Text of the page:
Each squadron consisted of 18 pilots and 18 observers, all officers. The Group also had a Photographic Officer, responsible for installing cameras on the aircraft and overseeing development of photographs after the missions, and a Branch Intelligence Officer (BIO). The BIO, assigned by the American Expeditionary Forces (AEF) G-2, studied and interpreted the photographs and distributed all relevant information to higher commands. The Group also included a motorcycle courier, who sped the photo plates from the aircraft to the lab where 30 enlisted technicians and specialists printed and enlarged the photos and got them in the hands of the BIO within six hours.
In the early days of aerial operations, weather and mechanical problems cancelled more missions than were actually flown and many of the initial photographs had little intelligence value. Squadron personnel used their time in the relatively quiet sector to complete their training in preparation for more active operations. In addition to providing valuable training, the constant overwatch in the sector made it difficult for the enemy to make preparations for large-scale attacks without the Allies’ knowledge.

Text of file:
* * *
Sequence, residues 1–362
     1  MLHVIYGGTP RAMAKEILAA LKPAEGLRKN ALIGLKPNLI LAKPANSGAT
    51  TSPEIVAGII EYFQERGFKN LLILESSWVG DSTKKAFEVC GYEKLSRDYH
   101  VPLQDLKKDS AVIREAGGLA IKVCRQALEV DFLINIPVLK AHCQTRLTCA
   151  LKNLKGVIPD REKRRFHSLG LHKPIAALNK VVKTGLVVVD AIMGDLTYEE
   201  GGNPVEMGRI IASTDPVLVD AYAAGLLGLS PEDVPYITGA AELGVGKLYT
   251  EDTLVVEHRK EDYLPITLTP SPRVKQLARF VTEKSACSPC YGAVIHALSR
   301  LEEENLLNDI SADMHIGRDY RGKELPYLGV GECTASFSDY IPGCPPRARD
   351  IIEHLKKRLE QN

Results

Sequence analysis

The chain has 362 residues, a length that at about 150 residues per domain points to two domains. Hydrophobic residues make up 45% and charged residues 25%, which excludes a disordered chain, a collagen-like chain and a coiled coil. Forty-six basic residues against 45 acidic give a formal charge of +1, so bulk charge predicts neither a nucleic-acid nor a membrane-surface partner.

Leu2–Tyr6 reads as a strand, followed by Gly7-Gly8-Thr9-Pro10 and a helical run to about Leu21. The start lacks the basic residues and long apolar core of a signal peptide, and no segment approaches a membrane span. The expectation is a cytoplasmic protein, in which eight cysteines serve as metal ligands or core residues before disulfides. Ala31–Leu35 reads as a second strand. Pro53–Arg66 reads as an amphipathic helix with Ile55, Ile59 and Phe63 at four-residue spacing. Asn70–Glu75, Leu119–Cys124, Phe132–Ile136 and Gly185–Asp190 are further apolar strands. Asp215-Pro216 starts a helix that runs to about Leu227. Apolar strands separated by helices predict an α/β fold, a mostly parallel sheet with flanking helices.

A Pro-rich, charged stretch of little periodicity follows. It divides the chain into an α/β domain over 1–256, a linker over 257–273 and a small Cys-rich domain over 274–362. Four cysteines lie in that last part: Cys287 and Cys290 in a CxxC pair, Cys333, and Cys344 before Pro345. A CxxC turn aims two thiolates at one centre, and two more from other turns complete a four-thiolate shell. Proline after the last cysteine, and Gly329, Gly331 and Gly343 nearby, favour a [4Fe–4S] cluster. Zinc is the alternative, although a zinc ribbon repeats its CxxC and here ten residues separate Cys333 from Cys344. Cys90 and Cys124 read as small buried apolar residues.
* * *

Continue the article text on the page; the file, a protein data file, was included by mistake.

These quiet days in Toul came to an end in early July 1918 when the US began large-scale military operations against the German lines. The 1st Corps Observation Group had active participation in the Aisne-Marne, St. Mihiel, and Meuse-Argonne offensives. Commanders who had initially expressed skepticism about the value of aerial reconnaissance were now relying heavily on the discipline when planning operations. Weather permitting, aero squadrons flew daily dawn and twilight patrol missions and other missions as the tactical situation dictated. The BIO compared photographs from successive missions to identify changes in enemy battery positions, movement on roads and railways, and evidence of new works and troop concentrations. As the squadrons gained experience in actual combat conditions, they became more responsive to the needs of Corps and Division G-2s, air-delivering timely “First Needs” packets of photographs directly to command posts.